By Lucy Komisar
This play is about class and feminism, and also about the corruption of capitalism.
It is a smart satire by British playwright Elizabeth Baker staged in London in 1917. Baker started out as an office typist and wrote about office workers and shop girls and their struggles for emancipation against the bonds of class and gender. She was a supporter of the suffragist movement.
Director Jackson Grace Gay makes the feminist story contemporary 100 years later.
Kate Rolling (the excellent Sara Haider) is a couture dressmaker for the aristocracy. Or at least for the very rich. In Brighton, where they summer.
She and her associate Maisie Glow (well played by Olivia Gilliatt) are getting proposals. “They must think we are fools. We are eligible young woman.”
A smarmy businessman George Pillatt (a vaguely threatening Gene Fillette) with a wizened drawn face, proposes to Kate that he buy the shop next door, link the two to make a profitable expansion and, by the way, turn the partnership personal by marrying her.
Because she has not only style but brains. Haider is quite charming in the role. “I shall have to keep my own name,” she declares,
But that is absurd as the issue. If she has had a lot of proposals, why would she take his? She is very attractive. He, in the role, is not.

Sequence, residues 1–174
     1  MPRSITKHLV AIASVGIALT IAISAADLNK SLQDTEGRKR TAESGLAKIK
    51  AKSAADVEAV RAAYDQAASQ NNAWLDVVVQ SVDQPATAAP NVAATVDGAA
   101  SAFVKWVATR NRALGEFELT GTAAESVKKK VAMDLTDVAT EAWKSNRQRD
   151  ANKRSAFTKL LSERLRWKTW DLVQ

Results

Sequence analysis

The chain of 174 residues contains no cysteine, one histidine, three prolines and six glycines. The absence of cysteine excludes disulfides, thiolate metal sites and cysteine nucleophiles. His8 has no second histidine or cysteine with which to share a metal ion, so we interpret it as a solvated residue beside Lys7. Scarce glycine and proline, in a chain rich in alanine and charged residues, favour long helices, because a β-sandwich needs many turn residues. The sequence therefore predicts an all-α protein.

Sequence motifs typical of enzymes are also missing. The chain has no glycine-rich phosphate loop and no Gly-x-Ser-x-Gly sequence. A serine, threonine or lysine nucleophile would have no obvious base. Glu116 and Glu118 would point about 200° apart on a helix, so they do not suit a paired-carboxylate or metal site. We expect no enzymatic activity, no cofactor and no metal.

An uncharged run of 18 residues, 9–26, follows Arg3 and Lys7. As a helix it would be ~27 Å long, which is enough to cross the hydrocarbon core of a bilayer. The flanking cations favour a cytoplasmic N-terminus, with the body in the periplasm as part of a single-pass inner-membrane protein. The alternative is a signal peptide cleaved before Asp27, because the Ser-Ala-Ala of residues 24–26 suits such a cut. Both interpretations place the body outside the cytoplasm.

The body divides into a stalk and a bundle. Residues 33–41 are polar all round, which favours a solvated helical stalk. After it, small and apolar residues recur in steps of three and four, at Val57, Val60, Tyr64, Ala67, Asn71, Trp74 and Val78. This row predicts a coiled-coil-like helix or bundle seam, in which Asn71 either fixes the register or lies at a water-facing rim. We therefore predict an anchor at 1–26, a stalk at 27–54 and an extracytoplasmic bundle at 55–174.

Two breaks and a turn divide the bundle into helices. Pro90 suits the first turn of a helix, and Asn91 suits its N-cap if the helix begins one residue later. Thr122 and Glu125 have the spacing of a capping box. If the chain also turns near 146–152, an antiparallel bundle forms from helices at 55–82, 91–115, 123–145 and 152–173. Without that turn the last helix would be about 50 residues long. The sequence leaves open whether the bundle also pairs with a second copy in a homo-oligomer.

Forget about her name, she would give up her independence, not to mention her body. And it’s all about money. She would sell herself. (Is that the message being sent?)
Maisie looks at the contract and calls it a nice little bribe. Gilliatt plays her as smart and slightly cynical. She knows how the system works.
Then another person enters the story, Lawrence Fawcett (the appealing Joshua Echebiri), a very laid back charming young man who one day tags along with Pillatt to the shop. He inherited Esmeralda, a profitable company that made corsets, but sold it because it didn’t interest him. Now he’s looking into the dye business. Pillatt thinks he isn’t serious.
But he charms Kate. And persuades her to join him for a picnic on the downs north of the city. Where he raises the question of what is worthwhile in life. And it’s not only work and money.
Still, she doesn’t immediately throw off Pickett. Though when he agrees on the work/life partnership, she shakes hands, but will not kiss him. This woman has agency. How will she use it?
What would a liberated woman 100 years ago have done? Or a corporate woman today? One fixed on making it? Maybe the play is not as dated as the elegant costumes suggest. And it is very entertaining.
“Partnership.” Written by Elizabeth Baker. Directed by Jackson Grace Gay. Mint Theater Company at Theater Row, 410 West 42nd St., NYC. Runtime 2:30. Opened Oct 19, 2023, closes Nov 12, 2023. Review on NY Theatre Wire.